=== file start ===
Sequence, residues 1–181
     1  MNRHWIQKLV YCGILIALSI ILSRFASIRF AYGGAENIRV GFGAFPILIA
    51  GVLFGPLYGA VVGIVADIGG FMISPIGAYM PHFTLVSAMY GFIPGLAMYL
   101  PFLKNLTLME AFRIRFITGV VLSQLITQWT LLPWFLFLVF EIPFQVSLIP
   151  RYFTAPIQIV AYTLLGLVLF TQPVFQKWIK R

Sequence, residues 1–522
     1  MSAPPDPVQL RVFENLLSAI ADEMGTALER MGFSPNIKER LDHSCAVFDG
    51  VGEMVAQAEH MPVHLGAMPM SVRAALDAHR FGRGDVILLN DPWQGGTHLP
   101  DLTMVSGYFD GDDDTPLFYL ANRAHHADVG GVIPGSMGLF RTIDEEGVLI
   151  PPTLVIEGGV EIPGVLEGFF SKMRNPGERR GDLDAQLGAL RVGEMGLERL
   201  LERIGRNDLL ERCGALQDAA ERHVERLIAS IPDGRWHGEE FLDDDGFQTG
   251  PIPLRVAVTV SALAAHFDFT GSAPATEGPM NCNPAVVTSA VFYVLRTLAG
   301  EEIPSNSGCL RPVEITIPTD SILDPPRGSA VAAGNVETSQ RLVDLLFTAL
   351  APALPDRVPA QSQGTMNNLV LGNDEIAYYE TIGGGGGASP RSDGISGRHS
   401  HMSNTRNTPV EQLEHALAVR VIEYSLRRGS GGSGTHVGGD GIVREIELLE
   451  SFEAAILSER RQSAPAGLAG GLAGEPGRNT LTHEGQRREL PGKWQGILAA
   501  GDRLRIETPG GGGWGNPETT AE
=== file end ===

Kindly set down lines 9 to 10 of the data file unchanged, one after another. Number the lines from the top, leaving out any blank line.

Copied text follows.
   101  DLTMVSGYFD GDDDTPLFYL ANRAHHADVG GVIPGSMGLF RTIDEEGVLI
   151  PPTLVIEGGV EIPGVLEGFF SKMRNPGERR GDLDAQLGAL RVGEMGLERL